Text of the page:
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Recently, a bitcoin exchange known as Bisq found out that a hacker took advantage of a flaw found on its trading software and stole money directly from its users. These cryptocurrency thefts were executed when the attacker managed to compromise users’ accounts without their knowledge.

blockchain technology, Bitcoin giving better returns than the Nigerian stock market, Nigerians Beware Of Bitcoin Fraudsters

Using cold wallets or a proprietary smartphone is recommended. These are specifically designed tools to keep your bitcoin from falling into the hands of hackers on the internet.

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Next time you are thinking of investing your funds in a bitcoin fund or firm, consider the promised returns versus the performance of the cryptocurrency market. A fund cannot promise 100% returns, while Bitcoin is only seeing 9% increases weekly. 

Olumide Adesina is a France-born Nigerian. He is a Certified Investment Trader, with more than 15 years of working expertise in Investment trading. Follow Olumide on Twitter @tokunboadesina. He is a Member of the Chartered Financial Analyst Society.



  1. Yasibu

    April 28, 2020 at 10:51 am

    Well Thanks for this !!!
    This is exactly what’s been happening

  2. Obasedje Aghogho

    July 10, 2020 at 12:00 pm

    Please help me to verify if these person Theo Mann Griffin A cryptocurrency account Manager is not a scammer

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Covid-19: Governors to discuss distribution of vaccines today

Governors of the 36 states of the federation will today meet to discuss the sharing formula for the recently delivered Covid-19 vaccine.



Oil Price Crash: Governors to meet on budgetary and economic issues

The Nigerian Governors Forum has announced that all 36 Governors will meet today to discuss the distribution of the recently arrived 3.9 million Covid-19 vaccines through the COVAX programme.

This was disclosed by the NGF in a statement issued in Abuja on Wednesday by Mr Abdulrazaque Bello-Barkindo, the Head, Media and Public Affairs of the NGF Secretariat.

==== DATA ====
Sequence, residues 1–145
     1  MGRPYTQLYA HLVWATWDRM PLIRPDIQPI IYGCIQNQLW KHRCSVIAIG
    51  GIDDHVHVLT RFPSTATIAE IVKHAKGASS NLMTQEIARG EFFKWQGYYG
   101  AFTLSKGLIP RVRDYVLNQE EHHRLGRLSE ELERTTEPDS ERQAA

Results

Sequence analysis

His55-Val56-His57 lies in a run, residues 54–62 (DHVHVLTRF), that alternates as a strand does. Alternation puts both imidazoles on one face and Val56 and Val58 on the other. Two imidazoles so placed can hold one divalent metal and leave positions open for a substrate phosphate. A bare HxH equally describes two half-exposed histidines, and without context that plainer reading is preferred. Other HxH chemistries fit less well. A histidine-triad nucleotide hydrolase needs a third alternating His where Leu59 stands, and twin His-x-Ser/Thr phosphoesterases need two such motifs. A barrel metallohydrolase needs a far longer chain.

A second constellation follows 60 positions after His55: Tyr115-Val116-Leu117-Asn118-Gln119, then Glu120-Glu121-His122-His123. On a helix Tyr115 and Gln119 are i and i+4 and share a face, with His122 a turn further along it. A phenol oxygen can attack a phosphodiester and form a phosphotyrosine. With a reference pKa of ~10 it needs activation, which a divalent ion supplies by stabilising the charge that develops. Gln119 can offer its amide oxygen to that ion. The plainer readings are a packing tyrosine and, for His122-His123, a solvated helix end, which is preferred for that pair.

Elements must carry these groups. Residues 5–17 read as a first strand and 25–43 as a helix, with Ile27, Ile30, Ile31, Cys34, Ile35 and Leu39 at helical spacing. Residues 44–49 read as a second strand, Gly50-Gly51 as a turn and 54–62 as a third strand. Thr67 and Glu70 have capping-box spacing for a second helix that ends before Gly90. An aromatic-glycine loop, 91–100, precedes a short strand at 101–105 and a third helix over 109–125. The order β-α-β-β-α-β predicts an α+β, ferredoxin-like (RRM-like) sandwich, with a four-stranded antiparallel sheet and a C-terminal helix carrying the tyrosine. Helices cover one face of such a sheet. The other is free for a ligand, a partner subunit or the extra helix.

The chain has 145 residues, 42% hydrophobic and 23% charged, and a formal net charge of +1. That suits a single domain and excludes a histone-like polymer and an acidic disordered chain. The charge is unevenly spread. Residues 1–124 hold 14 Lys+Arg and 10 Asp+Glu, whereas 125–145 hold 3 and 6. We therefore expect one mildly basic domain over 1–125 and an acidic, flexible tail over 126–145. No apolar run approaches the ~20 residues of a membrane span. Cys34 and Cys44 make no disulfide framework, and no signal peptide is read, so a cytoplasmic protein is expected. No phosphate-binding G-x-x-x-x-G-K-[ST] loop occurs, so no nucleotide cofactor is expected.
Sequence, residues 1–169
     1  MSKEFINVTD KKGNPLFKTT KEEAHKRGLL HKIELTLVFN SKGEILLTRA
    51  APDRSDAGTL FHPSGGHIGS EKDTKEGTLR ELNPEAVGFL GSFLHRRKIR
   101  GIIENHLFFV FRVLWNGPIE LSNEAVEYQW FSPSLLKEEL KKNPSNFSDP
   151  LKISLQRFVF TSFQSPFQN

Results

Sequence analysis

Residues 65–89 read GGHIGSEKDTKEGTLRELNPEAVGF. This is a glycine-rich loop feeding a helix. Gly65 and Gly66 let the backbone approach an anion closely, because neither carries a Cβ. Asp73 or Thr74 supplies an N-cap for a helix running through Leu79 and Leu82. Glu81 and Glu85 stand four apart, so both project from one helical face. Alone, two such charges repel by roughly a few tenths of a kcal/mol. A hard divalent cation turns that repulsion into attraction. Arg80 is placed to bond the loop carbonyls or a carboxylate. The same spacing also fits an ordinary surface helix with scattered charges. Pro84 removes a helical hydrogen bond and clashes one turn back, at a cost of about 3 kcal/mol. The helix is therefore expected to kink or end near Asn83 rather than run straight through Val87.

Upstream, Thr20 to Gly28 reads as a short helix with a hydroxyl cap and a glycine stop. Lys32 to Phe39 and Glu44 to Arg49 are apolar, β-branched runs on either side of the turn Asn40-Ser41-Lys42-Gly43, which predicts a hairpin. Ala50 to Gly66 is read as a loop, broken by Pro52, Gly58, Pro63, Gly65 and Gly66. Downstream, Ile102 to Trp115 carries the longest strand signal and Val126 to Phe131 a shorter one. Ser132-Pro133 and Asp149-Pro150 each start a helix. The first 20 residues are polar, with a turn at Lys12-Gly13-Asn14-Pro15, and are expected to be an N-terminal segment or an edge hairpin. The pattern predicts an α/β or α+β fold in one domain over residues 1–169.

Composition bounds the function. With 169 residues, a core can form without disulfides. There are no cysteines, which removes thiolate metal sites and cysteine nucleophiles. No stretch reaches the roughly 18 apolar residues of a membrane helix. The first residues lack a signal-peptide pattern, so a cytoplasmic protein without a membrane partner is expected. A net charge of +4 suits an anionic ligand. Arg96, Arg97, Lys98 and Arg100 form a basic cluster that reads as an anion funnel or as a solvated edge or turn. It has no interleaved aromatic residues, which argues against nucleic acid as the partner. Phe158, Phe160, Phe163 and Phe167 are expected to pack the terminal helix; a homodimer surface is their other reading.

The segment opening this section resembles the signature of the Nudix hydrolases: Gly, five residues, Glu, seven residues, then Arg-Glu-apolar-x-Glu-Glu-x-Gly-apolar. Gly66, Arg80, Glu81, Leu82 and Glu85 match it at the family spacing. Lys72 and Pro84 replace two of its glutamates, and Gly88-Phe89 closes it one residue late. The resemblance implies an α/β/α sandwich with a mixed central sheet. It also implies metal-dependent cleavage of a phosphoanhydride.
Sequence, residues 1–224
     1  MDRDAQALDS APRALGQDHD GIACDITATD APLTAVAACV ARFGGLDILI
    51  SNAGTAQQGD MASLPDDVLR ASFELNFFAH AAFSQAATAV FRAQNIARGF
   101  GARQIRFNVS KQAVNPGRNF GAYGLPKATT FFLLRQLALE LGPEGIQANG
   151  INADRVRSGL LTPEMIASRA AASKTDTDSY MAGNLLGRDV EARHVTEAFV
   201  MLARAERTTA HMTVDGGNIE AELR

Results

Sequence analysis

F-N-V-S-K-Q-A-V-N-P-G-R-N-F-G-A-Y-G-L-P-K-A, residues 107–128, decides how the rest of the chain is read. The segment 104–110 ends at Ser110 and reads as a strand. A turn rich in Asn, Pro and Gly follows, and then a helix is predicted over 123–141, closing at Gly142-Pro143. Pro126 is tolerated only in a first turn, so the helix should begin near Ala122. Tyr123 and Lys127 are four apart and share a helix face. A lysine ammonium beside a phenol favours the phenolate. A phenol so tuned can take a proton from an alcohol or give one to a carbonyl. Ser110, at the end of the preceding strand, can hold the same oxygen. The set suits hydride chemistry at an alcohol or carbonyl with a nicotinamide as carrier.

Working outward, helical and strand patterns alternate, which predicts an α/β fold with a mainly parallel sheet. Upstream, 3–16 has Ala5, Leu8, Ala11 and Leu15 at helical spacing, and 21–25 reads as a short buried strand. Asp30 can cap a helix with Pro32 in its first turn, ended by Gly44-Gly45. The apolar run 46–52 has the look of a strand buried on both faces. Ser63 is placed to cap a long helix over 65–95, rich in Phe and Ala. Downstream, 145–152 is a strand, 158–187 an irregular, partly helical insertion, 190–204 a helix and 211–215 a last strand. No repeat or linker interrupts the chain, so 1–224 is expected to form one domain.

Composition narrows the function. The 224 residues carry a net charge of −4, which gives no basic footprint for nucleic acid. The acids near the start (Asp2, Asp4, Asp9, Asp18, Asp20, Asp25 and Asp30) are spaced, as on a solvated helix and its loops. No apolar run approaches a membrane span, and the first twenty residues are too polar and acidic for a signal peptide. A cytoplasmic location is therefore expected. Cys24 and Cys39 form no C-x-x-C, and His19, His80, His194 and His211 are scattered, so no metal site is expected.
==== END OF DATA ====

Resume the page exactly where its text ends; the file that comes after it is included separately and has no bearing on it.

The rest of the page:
The NGF disclosed that the meeting, which would be held virtually, will commence by 5 pm.

“The meeting is of a single-item agenda, which will discuss the delivery of the COVID-19 vaccines and their distribution in the country,” he said.

What you should know

  • Nairametrics reported on Monday that 3.94 million doses of the AstraZeneca/Oxford vaccine, manufactured by the Serum Institute of India arrived at the Nnamdi Azikiwe Airport.
  • The National Primary Health Care Development Agency (NPHCDA) also released guidelines on registering for Covid-19 vaccination in Nigeria.

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Royal Academy of Engineering invests over £3.5 million in Nigeria, others

The academy has awarded over £3.5 million in 37 projects in Nigeria and across 13 African countries.



The Royal Academy of Engineering has awarded over £3.5 million to 37 projects in Nigeria and across 13 African countries to promote better training and sustainability and diversify economies.

This was disclosed by the Academy via a statement issued and seen by Nairametrics on Thursday to mark the UNESCO World Engineering Day 2021.

It stated that the Academy’s interest in partnering with partner academic institutions’ projects focused on realizing sustainable development goals.